Opinion

Let me now proceed to deal with the query raised by the Querist.

1. Provisions of section 40[ia] Since the issue concerns the provisions of Section 40(ia) of the Income-tax Act, it would be worthwhile to reproduce the relevant portions of same for benefit of the Querist.

Section 40

Notwithstanding anything to the contrary in sections 30 to 38, the following amounts should not be deducted in computing the income chargeable under the head “Profits and gains of business or profession”—

ia] any interest, commission or brokerage, rent, royalty, fees for professional services or fees for technical services payable to a resident, or amounts payable to a contractor or subcontractor, being resident, for carrying out any work (including supply of labour for carrying out any work), on which tax is deductible at source under Chapter XVII-B and such tax has not been deducted or, after deduction, has not been paid during the previous year, or in the subsequent year before the expiry of the time prescribed under sub-section (1) of section 200:

Provided that where in respect of any such sum, tax has been deducted in any subsequent year or, has been deducted in the previous year but paid in any subsequent year after the expiry of the time prescribed under sub-section (1) of section 200, such sum shall be allowed as a deduction in computing the income of the previous year in which such tax has been paid.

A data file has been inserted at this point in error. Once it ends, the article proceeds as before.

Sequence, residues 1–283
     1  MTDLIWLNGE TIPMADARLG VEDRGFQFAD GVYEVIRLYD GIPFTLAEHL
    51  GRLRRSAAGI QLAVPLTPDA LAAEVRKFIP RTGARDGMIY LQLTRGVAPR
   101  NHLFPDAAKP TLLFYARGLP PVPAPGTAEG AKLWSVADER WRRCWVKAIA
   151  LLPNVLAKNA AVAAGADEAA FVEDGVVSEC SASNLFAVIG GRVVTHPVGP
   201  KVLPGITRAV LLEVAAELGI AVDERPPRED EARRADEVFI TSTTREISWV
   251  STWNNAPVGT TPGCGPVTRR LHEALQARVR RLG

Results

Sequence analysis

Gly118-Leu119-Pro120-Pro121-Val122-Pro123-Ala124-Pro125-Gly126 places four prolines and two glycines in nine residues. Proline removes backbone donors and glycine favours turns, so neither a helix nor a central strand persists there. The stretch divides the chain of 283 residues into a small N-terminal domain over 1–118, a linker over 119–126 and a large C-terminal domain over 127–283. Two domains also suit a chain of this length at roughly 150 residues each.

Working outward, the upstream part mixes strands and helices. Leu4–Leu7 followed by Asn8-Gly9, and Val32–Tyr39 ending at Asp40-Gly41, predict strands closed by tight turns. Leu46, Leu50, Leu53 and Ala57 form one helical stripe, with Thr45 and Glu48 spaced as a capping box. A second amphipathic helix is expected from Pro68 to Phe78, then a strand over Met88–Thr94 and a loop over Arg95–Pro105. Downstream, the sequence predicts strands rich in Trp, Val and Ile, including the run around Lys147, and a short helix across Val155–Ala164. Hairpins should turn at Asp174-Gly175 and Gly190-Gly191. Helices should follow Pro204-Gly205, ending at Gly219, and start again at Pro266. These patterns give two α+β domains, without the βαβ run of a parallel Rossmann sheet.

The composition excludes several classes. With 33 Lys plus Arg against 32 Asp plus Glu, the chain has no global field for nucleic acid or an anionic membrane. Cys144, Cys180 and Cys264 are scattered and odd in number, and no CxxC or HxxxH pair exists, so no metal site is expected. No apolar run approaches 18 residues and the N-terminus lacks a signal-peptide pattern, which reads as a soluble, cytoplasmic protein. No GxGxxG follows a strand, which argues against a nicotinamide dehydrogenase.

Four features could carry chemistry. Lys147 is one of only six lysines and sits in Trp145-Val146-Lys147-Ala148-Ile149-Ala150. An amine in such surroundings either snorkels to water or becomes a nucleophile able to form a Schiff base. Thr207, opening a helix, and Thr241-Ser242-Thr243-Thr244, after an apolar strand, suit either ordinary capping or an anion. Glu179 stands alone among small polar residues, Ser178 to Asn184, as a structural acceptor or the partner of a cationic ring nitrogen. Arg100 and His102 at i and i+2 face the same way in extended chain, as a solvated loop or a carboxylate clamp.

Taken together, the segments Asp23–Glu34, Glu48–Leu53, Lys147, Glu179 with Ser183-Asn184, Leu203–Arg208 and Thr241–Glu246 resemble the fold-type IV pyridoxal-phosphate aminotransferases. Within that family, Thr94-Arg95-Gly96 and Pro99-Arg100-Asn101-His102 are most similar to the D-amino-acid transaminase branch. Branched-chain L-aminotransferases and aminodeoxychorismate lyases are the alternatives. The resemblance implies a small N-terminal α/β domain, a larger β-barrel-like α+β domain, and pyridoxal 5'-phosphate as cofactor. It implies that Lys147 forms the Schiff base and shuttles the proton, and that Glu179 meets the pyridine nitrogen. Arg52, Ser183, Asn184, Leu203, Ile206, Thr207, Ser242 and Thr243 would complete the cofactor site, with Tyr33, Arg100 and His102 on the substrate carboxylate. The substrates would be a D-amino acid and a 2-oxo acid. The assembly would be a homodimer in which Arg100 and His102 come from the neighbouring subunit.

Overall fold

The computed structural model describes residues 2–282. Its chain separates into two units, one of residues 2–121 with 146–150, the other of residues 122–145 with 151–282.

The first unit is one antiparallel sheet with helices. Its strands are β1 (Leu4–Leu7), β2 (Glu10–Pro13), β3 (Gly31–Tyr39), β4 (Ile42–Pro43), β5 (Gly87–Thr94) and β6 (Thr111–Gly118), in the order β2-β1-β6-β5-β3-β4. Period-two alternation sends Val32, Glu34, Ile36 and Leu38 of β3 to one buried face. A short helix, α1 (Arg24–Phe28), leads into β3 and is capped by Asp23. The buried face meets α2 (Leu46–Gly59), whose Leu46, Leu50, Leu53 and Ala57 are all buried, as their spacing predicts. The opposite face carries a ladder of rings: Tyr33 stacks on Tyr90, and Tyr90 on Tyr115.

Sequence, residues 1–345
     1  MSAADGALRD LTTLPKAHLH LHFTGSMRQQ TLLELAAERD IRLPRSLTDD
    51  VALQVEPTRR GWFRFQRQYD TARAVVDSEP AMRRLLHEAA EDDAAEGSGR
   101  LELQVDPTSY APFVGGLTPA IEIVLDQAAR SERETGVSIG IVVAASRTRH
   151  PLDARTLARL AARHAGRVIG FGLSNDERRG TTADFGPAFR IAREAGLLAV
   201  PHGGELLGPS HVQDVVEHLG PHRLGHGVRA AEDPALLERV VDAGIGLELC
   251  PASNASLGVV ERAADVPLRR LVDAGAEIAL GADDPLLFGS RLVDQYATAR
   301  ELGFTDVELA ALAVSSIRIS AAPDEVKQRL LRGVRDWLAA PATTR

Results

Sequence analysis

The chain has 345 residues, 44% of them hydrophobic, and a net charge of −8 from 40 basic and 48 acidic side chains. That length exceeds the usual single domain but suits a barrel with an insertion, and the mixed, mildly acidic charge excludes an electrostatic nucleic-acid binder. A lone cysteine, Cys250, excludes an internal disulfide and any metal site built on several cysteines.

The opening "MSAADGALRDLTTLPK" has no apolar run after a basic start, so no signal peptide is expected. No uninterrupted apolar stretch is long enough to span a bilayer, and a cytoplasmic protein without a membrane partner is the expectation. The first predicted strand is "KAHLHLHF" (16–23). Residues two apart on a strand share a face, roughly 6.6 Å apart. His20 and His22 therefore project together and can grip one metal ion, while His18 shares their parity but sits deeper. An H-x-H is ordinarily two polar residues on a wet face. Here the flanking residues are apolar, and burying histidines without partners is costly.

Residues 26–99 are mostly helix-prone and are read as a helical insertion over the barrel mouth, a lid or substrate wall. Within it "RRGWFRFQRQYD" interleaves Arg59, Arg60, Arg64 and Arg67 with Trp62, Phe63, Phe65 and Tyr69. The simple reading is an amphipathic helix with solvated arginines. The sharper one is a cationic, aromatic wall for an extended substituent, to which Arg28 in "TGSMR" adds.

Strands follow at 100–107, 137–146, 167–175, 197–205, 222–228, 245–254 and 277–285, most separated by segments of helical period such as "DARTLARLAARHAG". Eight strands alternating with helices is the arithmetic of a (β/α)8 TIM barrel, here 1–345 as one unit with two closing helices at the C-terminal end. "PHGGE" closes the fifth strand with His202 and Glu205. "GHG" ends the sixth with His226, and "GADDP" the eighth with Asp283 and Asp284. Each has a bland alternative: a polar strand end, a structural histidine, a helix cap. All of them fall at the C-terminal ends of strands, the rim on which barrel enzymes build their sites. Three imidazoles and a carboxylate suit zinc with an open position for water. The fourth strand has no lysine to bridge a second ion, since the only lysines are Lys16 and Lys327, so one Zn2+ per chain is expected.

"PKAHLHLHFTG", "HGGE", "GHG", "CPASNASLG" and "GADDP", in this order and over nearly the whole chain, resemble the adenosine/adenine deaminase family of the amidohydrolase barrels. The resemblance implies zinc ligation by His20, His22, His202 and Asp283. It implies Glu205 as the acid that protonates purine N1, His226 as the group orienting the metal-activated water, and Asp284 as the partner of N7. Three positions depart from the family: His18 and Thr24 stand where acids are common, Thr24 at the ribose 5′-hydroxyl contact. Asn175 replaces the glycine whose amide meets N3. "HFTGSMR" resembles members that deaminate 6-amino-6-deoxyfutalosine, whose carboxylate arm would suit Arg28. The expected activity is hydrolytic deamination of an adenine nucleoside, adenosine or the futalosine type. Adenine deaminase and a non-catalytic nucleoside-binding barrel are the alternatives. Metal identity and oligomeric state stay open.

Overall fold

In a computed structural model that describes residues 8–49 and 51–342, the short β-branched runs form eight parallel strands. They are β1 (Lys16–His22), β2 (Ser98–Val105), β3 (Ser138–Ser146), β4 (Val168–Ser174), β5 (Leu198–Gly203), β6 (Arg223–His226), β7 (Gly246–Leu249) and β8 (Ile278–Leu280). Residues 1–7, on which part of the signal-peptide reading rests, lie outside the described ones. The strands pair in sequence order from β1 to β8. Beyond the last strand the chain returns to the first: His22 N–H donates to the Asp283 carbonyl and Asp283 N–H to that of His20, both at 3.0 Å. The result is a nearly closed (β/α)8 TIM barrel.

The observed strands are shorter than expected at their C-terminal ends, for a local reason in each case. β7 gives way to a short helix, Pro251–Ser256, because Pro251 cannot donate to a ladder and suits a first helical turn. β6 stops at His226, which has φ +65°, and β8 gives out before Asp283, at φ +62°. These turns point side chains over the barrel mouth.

2. The Board Circular

The provisions of section 40[ia] were brought on the statute book by the Finance {No. 2] Act, 2004 w.e.f. 1-4-2005; i.e., Assessment Year 2005-06.

The CBDT Circular explaining this amendment states as under :—

“Subject: Finance (No. 2) Act, 2004 — Explanatory Notes on provisions relating to Direct Taxes Circular No. 5 of 2005, dt. 15th July, 2005 (2005) 276 ITR (St) 151 (165)

Certain amounts not to be allowed as deduction while computing income under the head “Profits and gains of business or profession” if tax not deducted at source

Under the existing provisions of sub-clause (i) of clause (a) of section 40 of the Income-tax Act, no deduction is allowed in the computation of income on account of interest, royalty, fees for technical services or any other sum which is payable outside India, or in India to a non-resident or to a foreign company, if tax is not deducted at source from payments of these sums or after deduction of tax at source, payment is not made to the account of the Central Government before the expiry of time prescribed under sub-section (1) of section 200 and in accordance with other provisions of Chapter XVII-B. Deduction of the sum is, however, allowed where tax has been deduced, or after deduction has been paid in any subsequent year in computing the income of that previous year.

With a view to rationalize the provisions of sub-clause (i), the Act has substituted the said sub clause to provide that in any case in which tax has been deducted in any subsequent year or, has been deducted in the previous year but paid in any subsequent year after the expiry of time prescribed under sub-section (1) of section 200, the sum from which tax has been so deducted or paid shall be allowed as deduction in computing the income of the previous year in which the tax has been paid to the account of the Central Government.